Company: Eli Lilly
Title: Senior Vice President of Global Quality
When Johna Norton thinks back about the motivators that led her to the top ranks of the life sciences industry–an industry in which women are not always that visible–she remembers a skeleton of the human body hanging in the kitchen of her family’s Pennsylvania home.
“When I was young, my mother (who was a teacher) went back to school to become a nurse,” Norton says in an interview. “I was in grade school and I remember that skeleton hanging in kitchen, with labels on every bone. I remember her studying. That made a big impression on me.”
The end result is that Norton, in turn, has made a big impression on the people around her: peers, managers and bosses, as well as the people, men and women, that she has mentored in and out of the industry.
Interested in math and science from an early age, Norton came from a family that believed in learning and continuing education. Her father was also a teacher. After initially considering becoming a doctor, she succumbed to her love of chemistry and picked a career where she could indulge that interest and help people.
She became an analytical chemist and landed at Eli Lilly in 1990. During her 27 years with the company, Norton has handled a variety of positions in quality assurance and quality control, providing support to manufacturing and process development at Lilly facilities and sometimes working with the company's contract manufacturers. She has had stints abroad at Lilly facilities in Ireland and Puerto Rico, as well as at Lilly sites in Clinton, Indiana, and at a site in the company’s home in Indianapolis.
She believes it was good fortune that led her to Lilly, a company where she says being a woman was never an impediment to moving up. Her predecessor to the job she took over in April was a woman.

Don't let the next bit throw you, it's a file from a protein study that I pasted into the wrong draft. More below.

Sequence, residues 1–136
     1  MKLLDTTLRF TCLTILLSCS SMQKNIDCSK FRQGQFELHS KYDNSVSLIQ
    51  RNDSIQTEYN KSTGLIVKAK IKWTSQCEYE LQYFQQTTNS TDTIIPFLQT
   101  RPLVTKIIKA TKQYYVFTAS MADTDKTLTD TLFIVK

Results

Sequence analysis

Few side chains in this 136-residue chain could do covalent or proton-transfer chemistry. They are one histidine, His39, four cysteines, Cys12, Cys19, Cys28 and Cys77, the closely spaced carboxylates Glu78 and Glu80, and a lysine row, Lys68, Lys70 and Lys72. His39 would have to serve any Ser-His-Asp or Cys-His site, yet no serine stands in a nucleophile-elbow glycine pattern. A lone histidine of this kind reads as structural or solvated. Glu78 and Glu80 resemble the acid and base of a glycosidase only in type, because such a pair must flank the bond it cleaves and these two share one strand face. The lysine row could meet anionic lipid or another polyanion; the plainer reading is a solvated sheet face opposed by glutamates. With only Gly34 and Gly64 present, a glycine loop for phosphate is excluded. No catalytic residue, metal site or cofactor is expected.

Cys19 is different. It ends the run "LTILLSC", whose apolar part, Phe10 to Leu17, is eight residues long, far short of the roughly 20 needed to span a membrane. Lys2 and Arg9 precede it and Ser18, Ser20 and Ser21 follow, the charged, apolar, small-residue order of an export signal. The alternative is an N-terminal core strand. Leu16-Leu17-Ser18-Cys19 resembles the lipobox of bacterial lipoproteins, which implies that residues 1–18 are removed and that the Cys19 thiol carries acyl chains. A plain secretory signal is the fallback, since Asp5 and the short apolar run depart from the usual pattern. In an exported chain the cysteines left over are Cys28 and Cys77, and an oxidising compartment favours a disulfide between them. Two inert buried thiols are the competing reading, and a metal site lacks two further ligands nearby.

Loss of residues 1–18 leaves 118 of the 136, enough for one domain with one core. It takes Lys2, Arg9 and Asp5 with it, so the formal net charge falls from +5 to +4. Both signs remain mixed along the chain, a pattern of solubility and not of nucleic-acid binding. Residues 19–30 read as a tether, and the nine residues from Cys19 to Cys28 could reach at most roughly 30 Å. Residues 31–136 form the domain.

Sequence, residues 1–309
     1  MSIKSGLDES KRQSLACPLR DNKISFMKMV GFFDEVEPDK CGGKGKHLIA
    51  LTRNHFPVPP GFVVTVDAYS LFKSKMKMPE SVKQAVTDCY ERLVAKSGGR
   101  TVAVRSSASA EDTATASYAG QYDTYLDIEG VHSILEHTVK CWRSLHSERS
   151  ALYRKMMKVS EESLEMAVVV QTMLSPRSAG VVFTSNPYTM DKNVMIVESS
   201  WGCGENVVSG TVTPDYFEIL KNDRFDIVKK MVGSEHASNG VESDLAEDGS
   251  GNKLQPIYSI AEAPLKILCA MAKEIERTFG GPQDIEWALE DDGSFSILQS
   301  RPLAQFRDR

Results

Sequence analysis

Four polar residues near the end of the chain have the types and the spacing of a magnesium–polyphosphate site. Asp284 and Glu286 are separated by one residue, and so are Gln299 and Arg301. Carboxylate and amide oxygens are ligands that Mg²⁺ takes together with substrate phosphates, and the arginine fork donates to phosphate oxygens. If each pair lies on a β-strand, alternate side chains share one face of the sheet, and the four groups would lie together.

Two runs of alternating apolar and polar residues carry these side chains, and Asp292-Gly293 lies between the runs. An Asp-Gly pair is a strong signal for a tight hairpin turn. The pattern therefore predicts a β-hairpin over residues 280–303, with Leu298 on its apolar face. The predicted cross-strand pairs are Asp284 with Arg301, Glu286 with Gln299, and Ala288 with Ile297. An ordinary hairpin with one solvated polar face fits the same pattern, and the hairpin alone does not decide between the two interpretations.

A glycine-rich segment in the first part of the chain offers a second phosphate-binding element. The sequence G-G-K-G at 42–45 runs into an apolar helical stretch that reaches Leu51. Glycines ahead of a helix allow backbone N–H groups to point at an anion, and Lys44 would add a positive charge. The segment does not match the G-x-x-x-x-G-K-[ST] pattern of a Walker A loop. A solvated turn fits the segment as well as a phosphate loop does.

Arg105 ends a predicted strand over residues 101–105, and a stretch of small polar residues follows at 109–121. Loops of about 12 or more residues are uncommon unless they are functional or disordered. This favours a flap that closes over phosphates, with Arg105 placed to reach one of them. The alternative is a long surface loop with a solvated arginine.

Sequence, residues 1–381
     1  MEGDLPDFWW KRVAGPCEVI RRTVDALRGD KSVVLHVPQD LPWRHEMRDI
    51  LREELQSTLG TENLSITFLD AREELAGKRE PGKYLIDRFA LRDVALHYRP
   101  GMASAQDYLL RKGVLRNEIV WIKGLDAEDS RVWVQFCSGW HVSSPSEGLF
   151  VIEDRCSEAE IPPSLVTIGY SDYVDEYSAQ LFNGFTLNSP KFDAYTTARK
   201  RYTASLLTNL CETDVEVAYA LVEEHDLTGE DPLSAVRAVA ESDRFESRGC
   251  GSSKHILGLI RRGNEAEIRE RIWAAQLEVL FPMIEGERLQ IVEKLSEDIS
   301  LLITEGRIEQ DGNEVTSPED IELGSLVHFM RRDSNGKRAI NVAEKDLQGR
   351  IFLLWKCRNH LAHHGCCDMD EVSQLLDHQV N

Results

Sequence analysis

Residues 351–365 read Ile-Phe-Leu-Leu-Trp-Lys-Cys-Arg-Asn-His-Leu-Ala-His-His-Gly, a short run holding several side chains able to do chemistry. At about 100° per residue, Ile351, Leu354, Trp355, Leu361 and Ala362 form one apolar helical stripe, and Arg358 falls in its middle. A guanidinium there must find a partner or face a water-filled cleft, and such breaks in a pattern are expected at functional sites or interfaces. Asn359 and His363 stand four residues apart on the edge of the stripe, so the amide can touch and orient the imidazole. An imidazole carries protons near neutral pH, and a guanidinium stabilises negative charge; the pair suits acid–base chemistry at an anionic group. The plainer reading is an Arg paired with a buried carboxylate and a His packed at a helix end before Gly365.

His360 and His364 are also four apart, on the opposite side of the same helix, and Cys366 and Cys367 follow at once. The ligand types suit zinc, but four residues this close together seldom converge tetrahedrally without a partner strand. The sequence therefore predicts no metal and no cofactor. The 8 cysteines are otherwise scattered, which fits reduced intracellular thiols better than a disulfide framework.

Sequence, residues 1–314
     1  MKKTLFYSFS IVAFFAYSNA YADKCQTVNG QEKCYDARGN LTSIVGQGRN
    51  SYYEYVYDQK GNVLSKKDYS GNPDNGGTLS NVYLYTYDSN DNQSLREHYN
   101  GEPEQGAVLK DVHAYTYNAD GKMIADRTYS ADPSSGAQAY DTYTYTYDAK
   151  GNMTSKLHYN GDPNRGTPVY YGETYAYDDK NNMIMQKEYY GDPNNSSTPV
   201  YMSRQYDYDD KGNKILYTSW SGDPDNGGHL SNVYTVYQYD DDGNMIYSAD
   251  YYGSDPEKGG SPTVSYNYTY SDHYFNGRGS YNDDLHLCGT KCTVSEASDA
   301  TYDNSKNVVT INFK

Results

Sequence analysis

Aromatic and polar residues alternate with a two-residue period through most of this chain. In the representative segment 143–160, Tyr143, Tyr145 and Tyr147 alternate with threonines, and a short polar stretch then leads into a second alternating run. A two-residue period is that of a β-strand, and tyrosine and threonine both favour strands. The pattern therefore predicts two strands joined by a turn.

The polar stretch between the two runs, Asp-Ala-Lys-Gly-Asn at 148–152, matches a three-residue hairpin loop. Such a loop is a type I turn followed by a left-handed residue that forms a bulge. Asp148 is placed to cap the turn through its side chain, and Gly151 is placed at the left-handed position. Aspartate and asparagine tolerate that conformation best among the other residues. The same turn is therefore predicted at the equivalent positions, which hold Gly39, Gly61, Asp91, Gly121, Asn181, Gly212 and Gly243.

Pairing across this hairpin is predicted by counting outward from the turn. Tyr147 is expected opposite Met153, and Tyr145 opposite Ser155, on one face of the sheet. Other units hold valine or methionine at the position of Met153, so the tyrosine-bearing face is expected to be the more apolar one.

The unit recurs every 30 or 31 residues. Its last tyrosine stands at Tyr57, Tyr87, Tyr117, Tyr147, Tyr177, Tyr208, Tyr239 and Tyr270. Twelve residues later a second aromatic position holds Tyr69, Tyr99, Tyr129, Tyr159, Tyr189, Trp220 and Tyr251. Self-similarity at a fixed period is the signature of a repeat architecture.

“I never in my career stopped and thought, that is not an area where women can advance. That was never on my radar screen,” Norton says. “I always believed that if you do the best job you can, you can be recognized and I let it go from there.”
She credits her work abroad for stretching her ideas about inclusion. “My time working and living outside the U.S. was also a significant period of growth and development for me. I spent over four years in Ireland and over two years in Puerto Rico. These assignments taught me a lot about diversity and inclusion and how to adapt and have an impact outside my native culture and language.”
When she started at Lilly, the proportion of women to men in top positions was not equal, but she has seen it change to about 50-50 over the years. She attributes that shift to top leaders at Lilly who believed it was important to have an inclusive workforce to be able to develop drugs for a diverse world.
In fact, Lilly has a global diversity and inclusion office that focuses on helping employees understand and bridge differences, whether cultural, ethnic, gender or generational. Norton sponsors a diversity and inclusion team in QA. In addition, Lilly has employee resource groups to help people with different backgrounds–be they women, Afro-American, Asian or veterans–understand and integrate into the global workforce. Norton is the executive sponsor of one of the largest of those groups, the Chinese Culture Network.
She also often mentors women and men. She has found that as a scientist, her approach to mentoring someone will naturally turn to analyzing the situation they find themselves in.
“I tend to be somebody that does not let perceived barriers get in the way,” Norton said. “When I coach someone, I always start with helping them figure out if they are facing a real barrier to their situation or career, or if they just perceive it to be a barrier.”
Norton is quick to say that just because she has not experienced the same difficulties that some women have in moving up in the industry doesn't mean that she doesn’t understand that such challenges exist for many, or that she hasn’t ever wondered if there might not be more opportunities someplace else.
“In my entire career, I might have thought the grass may be greener somewhere else,” she said, “but then I always thought, I must tackle the challenge in front of me first.”